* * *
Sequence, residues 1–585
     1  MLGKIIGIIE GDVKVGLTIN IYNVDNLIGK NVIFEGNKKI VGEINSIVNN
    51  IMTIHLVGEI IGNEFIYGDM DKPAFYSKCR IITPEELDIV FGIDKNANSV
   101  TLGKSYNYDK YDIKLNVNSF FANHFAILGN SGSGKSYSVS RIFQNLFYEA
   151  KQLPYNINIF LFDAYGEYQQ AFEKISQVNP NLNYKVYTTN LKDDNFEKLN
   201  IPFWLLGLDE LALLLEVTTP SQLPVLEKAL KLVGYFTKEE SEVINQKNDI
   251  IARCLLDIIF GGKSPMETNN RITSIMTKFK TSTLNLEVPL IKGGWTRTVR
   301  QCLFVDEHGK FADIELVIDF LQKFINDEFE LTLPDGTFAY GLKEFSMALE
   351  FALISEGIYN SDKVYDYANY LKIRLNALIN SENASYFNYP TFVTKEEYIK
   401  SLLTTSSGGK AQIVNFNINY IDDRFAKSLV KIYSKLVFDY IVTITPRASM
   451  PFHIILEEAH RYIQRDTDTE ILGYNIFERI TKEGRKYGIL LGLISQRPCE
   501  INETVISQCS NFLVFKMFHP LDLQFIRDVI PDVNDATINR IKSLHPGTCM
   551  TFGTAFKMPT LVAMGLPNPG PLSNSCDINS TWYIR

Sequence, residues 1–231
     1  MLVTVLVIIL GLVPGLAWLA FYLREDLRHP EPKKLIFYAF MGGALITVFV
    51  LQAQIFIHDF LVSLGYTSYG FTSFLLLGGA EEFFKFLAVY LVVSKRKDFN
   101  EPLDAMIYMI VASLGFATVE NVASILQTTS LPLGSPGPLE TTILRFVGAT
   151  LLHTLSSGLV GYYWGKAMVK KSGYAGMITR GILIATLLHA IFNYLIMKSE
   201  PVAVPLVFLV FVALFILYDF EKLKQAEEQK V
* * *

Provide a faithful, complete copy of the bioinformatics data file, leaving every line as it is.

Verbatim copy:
Sequence, residues 1–585
     1  MLGKIIGIIE GDVKVGLTIN IYNVDNLIGK NVIFEGNKKI VGEINSIVNN
    51  IMTIHLVGEI IGNEFIYGDM DKPAFYSKCR IITPEELDIV FGIDKNANSV
   101  TLGKSYNYDK YDIKLNVNSF FANHFAILGN SGSGKSYSVS RIFQNLFYEA
   151  KQLPYNINIF LFDAYGEYQQ AFEKISQVNP NLNYKVYTTN LKDDNFEKLN
   201  IPFWLLGLDE LALLLEVTTP SQLPVLEKAL KLVGYFTKEE SEVINQKNDI
   251  IARCLLDIIF GGKSPMETNN RITSIMTKFK TSTLNLEVPL IKGGWTRTVR
   301  QCLFVDEHGK FADIELVIDF LQKFINDEFE LTLPDGTFAY GLKEFSMALE
   351  FALISEGIYN SDKVYDYANY LKIRLNALIN SENASYFNYP TFVTKEEYIK
   401  SLLTTSSGGK AQIVNFNINY IDDRFAKSLV KIYSKLVFDY IVTITPRASM
   451  PFHIILEEAH RYIQRDTDTE ILGYNIFERI TKEGRKYGIL LGLISQRPCE
   501  INETVISQCS NFLVFKMFHP LDLQFIRDVI PDVNDATINR IKSLHPGTCM
   551  TFGTAFKMPT LVAMGLPNPG PLSNSCDINS TWYIR

Sequence, residues 1–231
     1  MLVTVLVIIL GLVPGLAWLA FYLREDLRHP EPKKLIFYAF MGGALITVFV
    51  LQAQIFIHDF LVSLGYTSYG FTSFLLLGGA EEFFKFLAVY LVVSKRKDFN
   101  EPLDAMIYMI VASLGFATVE NVASILQTTS LPLGSPGPLE TTILRFVGAT
   151  LLHTLSSGLV GYYWGKAMVK KSGYAGMITR GILIATLLHA IFNYLIMKSE
   201  PVAVPLVFLV FVALFILYDF EKLKQAEEQK V